Elad Orian, Co-founder of Comet-ME

Elad Orian, Co-founder of Comet-ME

Elad Orian, Co-founder of Comet-ME

We here at Isaac’s Science Blog are pleased to be hosting our sixth professional interview, this time with Elad Orian! Elad is the co-founder of Comet-ME, an Israeli-Palestinian organization providing renewable energy and clean water services to off-grid communities in some of the most marginalized parts of the Palestinian Territories using environmentally and socially sustainable methods.

1. Tell us about yourself and your educational/professional background.

I studied physics and later environmental science/policy. I’ve been doing my current work for 10 years now.

2. What inspired you to work in energy?

I’m a political activist along with my partner (Noam Dotan). We started thinking about something more proactive and using our abilities and know-how and energy was a very natural conclusion

3. Why did you help found Comet-ME

We actually started doing this type of work before we officially established Comet. It just so happened that these activities were relatively successful and grew really fast to the point that we needed an organization/framework that can handle this. As a result, Comet-ME was born.

4. Tell us about some of the challenges that of the Palestinian residents that you worked with.

We work with Palestinian communities in Area C of the West Bank. In the Oslo accords the West Bank was divided into three areas (A under control of the Palestinian Authority, B under Palestinian civil control and joint Israeli-Palestinian security control, and C, which happens to be the majority of West Bank under control of the Israeli government). We work in an area where the Palestinian Authority cannot provide electricity/water to communities. There are communities in A/B that have no electricity but we made a strategic decision to not replace the position Palestinian Authority.

5. What does the life-cycle of an average project look like?

One of the first things we do is to build trust with the community. We know what we do and why we do it, but the people we work with need proof. It is important that we go into a community when we know that we have the funding. We are lucky to have so many long-term donors trust us so when we start a project/budget cycle we don’t know where we are going to work because we need to do a survey of the community, conditions of each place, and then we do a detailed design of system and then we will purchase all the equipment that is required. There are some long-lead items so we do work in houses of the villagers and then once we have everything we install it. Once the installation is finished the hard work is started when service is provided. Because Comet is about providing service and we make sure service is running for a long period of time. In this way, we are like a utility. Every system brings service.

6. What technology does Comet-ME use to help communities establish energy independence?

We always use solar systems. Sometimes wind/diesel hybrids. Our systems can be designed to work from 1 family up to 40/50 families.

7. Tell us about your water program

After a few years of working exclusively with electricity, we decided that we had the organizational capacity to do something else. This is a very different program since many of them already have water, just not enough. Our system is a pump attached to a filter to obtain clean water, it’s a simple single-family system that collects rainwater and pumps it. We developed a system that pumps and filters rainwater using electricity when the batteries are full. There is also a stewardship component where water quality is sampled from all the users on a regular sample schedule to make sure systems are doing what they are meant to do.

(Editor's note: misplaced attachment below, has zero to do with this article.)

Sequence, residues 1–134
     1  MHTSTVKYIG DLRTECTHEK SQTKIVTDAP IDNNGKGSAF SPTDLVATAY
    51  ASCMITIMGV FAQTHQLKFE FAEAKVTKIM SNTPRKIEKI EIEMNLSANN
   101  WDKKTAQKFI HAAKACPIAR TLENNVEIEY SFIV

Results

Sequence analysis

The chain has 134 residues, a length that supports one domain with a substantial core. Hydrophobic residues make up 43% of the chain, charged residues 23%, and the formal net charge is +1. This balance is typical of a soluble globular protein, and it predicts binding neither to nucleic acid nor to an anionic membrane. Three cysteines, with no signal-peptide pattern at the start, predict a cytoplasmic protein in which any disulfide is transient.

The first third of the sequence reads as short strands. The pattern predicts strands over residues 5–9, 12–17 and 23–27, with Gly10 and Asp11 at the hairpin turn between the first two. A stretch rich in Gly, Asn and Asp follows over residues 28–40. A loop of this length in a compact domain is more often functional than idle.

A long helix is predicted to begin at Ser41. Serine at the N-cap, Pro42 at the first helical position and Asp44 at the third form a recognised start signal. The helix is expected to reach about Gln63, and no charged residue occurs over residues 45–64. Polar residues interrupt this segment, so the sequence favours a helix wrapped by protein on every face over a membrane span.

8. Is Comet-ME looking at the Water-Energy Nexus and if so how is it?

Very much. Our water systems are dependent on our electricity systems for operation.

9. Have you received any interest from universities on the work that you do?

We have some collaborations with some universities. We also have a few students that have written master’s degrees with us. We don’t do much advertisement so we’re not really a household name.

10. Is Comet-ME looking at how to deal with climate change resilience?

Although we don’t title it, our work is directly tied with climate resilience due to providing an independent source of energy

11. How do you see your organization fit into a long-term Israeli-Palestinian peace partnership?

If there is a peace agreement signed and the West Bank becomes a Palestinian state then we would gladly hand over systems to a Palestinian organization to handle it. I don’t think it would be a problem.

12. Do you think that the Comet-ME model has any application outside of the Palestinian territories?

There are many components that certainly are and some that are idiosyncratic to conditions/politics of the West Bank.

13. What can someone do to help out with your organization?

One can always donate money, also if you’re technically inclined and interested in such issues we do have volunteers from time to time. Feel free to reach out and join us!


So there you have it! Elad, we are very grateful for giving us your time to talk about this very important work. Your organization’s work is a textbook example of how people can apply their scientific knowledge to make the world a better place.


If you would like to connect with Elad and Come-ME, you can find their website here and their facebook page here.


Image credit DW.com